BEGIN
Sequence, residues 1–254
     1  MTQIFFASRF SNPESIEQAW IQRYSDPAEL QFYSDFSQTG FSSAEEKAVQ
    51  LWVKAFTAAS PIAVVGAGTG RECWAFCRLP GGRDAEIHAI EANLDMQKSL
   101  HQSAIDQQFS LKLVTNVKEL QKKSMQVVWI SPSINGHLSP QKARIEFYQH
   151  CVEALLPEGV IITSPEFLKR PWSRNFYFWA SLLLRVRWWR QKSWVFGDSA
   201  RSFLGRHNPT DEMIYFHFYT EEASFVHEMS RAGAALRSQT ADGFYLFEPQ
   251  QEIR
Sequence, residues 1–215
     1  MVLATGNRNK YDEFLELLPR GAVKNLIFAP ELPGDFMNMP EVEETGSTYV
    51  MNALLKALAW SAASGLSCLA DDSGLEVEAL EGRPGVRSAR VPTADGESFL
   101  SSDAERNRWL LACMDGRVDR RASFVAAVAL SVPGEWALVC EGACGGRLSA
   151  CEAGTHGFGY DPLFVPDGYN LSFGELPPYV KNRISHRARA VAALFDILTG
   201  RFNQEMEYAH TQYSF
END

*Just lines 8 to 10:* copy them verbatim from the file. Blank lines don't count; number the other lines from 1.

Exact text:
Sequence, residues 1–215
     1  MVLATGNRNK YDEFLELLPR GAVKNLIFAP ELPGDFMNMP EVEETGSTYV
    51  MNALLKALAW SAASGLSCLA DDSGLEVEAL EGRPGVRSAR VPTADGESFL